The specific characteristics of these switches can be found via internet search. Below is a generalization of the differences:
Red: Linear, no click, light force (Lightest switch, smooth key travel, no change as you press key)
Black: Linear, no click, medium force (Slightly stiffer than Red, also smooth key travel)
Brown: Tactile, no click, light force (Light switch, feel a bump as you press down, NO click sound)
Blue: Tactile, audible click, medium force (Similar to brown switch, adds audible click with bump)
Red and Black are linear switches. Keys simply move down when pressed, no bump, no extra sound made.The Black is heavier, and resists your fingers a little more than the Red. Actuation is the point when the key press is registered and transmitted to the computer. On a linear switch there is no feedback from the switch when this happens.
Linear switches like the Red and the Blacks are often marketed as "silent" switches. But still make a good amount of sound when you bottom out at the end of your keypress. Overall, the Blue switches make the most noise when in use - probably not the best for roommates who prefer quiet. You could look for the Redragon K596 keyboard, SURARA K582, SURARA K582 RED with red switches and SHRAPNEL K589, PARVATI K591 with low profile red switches.
The Blue switch sits at the other end of the spectrum. There is a light tactile snap, and an audible high pitched click when the key is pressed and actuation occurs. So you get both a feel and hear a click that reaffirms the keypress. To generate the bump and click, slightly more force is required to press this switch. For many people, the dual feedback is the main draw of the mechanical key switch.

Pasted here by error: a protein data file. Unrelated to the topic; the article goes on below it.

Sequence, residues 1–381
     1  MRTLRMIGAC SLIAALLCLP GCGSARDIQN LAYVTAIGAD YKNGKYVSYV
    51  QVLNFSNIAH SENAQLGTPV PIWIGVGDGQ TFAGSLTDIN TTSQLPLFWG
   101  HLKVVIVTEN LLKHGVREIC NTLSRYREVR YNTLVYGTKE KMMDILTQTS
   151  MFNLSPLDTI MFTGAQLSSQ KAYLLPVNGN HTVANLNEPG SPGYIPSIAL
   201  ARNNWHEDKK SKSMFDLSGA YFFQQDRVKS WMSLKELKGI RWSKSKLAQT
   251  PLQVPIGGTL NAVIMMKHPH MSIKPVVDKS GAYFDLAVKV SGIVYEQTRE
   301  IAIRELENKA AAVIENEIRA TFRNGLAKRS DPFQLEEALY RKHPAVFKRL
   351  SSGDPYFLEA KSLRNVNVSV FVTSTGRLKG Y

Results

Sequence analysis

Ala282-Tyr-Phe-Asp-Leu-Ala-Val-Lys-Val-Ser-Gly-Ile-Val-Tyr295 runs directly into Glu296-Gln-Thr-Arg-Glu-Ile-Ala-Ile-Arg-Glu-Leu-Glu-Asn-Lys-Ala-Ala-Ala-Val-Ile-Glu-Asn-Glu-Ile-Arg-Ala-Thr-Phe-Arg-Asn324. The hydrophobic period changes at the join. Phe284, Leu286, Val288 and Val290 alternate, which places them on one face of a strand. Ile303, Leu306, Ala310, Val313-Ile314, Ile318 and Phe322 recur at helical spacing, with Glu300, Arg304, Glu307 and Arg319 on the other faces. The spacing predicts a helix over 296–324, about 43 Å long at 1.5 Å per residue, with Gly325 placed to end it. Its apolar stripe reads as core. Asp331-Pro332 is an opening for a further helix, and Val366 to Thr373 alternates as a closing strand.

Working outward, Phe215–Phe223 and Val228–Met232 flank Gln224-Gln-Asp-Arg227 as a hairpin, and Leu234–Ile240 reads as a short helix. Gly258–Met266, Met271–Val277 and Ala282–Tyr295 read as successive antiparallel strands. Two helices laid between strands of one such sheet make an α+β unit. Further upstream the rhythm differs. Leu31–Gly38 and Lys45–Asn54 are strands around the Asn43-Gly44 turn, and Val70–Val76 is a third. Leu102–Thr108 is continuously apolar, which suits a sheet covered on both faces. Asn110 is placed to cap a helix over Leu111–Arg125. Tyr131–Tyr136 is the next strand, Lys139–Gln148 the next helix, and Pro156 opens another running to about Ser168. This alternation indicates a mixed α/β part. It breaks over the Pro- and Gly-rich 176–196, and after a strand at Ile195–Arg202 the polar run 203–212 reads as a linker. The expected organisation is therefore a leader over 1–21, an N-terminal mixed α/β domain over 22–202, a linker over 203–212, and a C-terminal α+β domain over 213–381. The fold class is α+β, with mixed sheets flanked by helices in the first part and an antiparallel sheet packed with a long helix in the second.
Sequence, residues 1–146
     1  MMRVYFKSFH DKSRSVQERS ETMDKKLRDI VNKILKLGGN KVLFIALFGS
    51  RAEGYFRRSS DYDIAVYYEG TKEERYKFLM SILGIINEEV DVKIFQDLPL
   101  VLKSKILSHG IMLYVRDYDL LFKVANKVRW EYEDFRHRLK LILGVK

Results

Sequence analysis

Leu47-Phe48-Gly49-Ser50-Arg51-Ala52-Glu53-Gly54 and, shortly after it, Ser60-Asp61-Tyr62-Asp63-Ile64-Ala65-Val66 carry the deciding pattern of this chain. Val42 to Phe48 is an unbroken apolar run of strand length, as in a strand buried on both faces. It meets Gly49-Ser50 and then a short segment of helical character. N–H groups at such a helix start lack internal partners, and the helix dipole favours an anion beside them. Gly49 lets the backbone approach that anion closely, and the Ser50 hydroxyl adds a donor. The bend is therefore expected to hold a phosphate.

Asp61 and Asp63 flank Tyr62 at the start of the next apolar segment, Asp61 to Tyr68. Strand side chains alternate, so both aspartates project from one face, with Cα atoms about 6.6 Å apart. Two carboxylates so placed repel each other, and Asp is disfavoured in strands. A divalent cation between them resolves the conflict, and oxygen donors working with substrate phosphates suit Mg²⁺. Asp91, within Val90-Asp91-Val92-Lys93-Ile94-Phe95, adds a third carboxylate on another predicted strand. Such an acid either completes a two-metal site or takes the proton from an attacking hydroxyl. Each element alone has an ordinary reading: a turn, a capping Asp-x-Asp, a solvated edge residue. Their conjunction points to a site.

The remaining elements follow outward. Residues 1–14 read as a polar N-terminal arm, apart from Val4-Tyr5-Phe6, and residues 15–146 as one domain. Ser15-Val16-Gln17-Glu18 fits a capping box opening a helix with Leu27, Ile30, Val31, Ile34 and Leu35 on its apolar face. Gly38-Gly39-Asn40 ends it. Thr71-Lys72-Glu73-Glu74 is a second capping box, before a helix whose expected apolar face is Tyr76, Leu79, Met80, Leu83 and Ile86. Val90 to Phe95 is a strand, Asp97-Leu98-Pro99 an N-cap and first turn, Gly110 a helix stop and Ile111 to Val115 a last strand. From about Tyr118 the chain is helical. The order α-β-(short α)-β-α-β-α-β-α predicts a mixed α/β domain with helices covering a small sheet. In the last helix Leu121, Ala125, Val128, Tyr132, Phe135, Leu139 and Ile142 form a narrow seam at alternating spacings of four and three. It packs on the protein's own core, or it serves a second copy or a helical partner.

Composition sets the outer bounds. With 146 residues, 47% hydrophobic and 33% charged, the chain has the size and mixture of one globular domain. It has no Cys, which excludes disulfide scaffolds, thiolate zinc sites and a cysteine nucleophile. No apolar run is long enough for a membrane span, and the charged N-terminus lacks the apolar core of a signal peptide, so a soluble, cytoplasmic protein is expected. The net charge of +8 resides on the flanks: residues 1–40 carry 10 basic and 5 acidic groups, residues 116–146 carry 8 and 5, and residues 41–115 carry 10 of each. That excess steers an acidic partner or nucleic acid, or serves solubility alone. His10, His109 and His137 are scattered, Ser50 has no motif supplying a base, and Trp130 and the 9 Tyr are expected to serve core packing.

The Brown switch is a middle ground switch. It has the tactile feedback that the actuation has occured via a bump like the Blue switch, but does not generate an audible click at the same time. It is also slightly lighter than the Blue switch. For many touch typists, this is the happy medium, it provides a nice light tactile feedback for the actuation that you can feel, but does not generate additional noise.You could look for Redragon DEVARAJAS K556, DEVARAJAS K556-RK and DITI K585 with Brown Switches.
Choosing the switch style is an entirely personal preference. For me, I wanted the tactile bump, as my first computer keyboard was an IBM Model M with buckling spring switches. I also don't want a loud typing experience. So the Brown switches seem to offer the best compromise of the 4 styles. You can purchase a key switch sampler to try the different styles,